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- Photo via Tortuguero National Park -

Costa Rica vetoes controversial fishing species agreement

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Published on Wednesday, May 10, 2023
By the A.M. Costa Rica staff

The government, through the Costa Rican Institute of Fisheries and Aquaculture (Incopesca), vetoed a recently issued agreement to expand the list of fishing interests for commercial exploitation by 200 species, which included wild species.

The Incopesca Board of Directors agreed to reverse the same resolution they issued a couple of weeks ago. “At the meeting of the Board of Directors, we put the review of the agreement at the top of the agenda so that it becomes invalid as of today,” said Víctor Carvajal-Porras, Minister of Agriculture and member of the board.

The polemic agreement was published in the government newspaper, La Gaceta, titled "List of Species of Freshwater Fish and Crustaceans and of Aquaculture Interest in the Continental, Coastal and Oceanic Waters of the Country."

The document authorized the exploitation and trade of corals, turtles, wild iguanas, sea urchins, sponges, sea cucumbers and algae among many others.

The original document will be sent for analysis by a committee of experts to find out the scope that was intended to include marine protected species as part of the list of natural resources allowed to be exploited by fishing companies.

The controversial list was oppugned by experts from public universities, wildlife defender organizations and deputies among many other groups.

According to the statement signed jointly by the University of Costa Rica, the National Technical University, the State Distance University, the National University and the Technological Institute of Costa Rica, the list issued by the institute increased from 34 to 234 commercially exploitable species, which put the conservation of marine biodiversity at risk.

Even though that first agreement was revoked, the document will be sent to the Scientific Technical Coordination Commission of the institute where experts will include the position of other public and private organizations to have a list that incorporates the interests of the various sectors, said the Ministry in its statement.

That resolution contradicted the Wildlife Conservation Law, No. 7317, which was enacted in 1992 and establishes the legal basis for the conservation, management, and sustainable use of wildlife in Costa Rica. 

According to the law, some of the sea species protected in Costa Rica include:

Sea turtles such as the Olive Ridley, Hawksbill, Leatherback, and Green turtle, are protected under national laws and international agreements. There are dedicated conservation programs and protected areas where these turtles nest, ensuring their survival.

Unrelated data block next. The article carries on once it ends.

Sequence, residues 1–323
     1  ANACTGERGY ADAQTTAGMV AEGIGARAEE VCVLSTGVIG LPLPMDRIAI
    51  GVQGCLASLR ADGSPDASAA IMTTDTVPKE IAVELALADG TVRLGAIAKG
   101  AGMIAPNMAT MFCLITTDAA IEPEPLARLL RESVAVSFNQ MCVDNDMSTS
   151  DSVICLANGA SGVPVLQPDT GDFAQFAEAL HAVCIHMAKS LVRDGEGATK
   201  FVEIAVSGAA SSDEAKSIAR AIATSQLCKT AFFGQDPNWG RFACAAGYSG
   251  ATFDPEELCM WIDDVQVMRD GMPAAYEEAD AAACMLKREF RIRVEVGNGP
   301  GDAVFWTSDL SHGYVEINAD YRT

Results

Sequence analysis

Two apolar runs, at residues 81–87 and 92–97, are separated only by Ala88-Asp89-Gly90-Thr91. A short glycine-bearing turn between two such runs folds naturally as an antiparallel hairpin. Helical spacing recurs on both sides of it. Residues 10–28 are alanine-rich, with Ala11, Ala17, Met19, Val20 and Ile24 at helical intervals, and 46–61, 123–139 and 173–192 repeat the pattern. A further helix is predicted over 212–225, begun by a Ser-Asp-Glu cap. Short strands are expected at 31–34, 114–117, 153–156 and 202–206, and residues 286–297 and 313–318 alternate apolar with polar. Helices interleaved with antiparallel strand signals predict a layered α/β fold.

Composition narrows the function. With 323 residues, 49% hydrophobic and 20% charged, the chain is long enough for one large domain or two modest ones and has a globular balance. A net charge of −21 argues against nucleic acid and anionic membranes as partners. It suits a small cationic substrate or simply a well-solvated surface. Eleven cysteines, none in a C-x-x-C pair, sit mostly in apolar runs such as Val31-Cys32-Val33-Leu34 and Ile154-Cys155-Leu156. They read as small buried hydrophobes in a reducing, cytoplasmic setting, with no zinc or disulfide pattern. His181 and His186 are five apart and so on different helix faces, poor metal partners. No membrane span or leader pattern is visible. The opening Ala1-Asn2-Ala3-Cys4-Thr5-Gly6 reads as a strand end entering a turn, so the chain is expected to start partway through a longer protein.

Whale and dolphin species such as Humpback whales, Bryde's whales, and several dolphin species, including the spinner dolphin and bottlenose dolphin, are protected. The Marino Ballena National Park and the Marino Las Baulas National Park are important protected areas for these marine mammals.

Sharks and rays, due to the country has banned shark finning, a practice that involves removing shark fins and discarding the rest of the body. Protection measures also extend to species like the whale shark and manta rays, which are vulnerable due to their slow reproductive rates.

Coral reefs are vital ecosystems, providing habitat and nurseries for various marine species. Several types of coral are protected under national and international regulations, such as the staghorn coral and elkhorn coral. The country has established marine protected areas to safeguard these delicate and important ecosystems.

A wide variety of seabird species, including pelicans, frigatebirds, and boobies. These birds are protected under national laws and are important indicators of the health of coastal ecosystems. Protecting their nesting sites and addressing threats like habitat destruction and pollution is crucial for their conservation.

The country has numerous national parks, wildlife refuges, and protected areas that contribute to the conservation of marine species and their habitats. These areas provide legal protection and support conservation efforts to ensure the long-term survival of these valuable sea species.

What impact would Costa Rica have if the exploitation of protected marine species is authorized? 
We would like to know your thoughts on this story. Send your comments news@amcostarica.com

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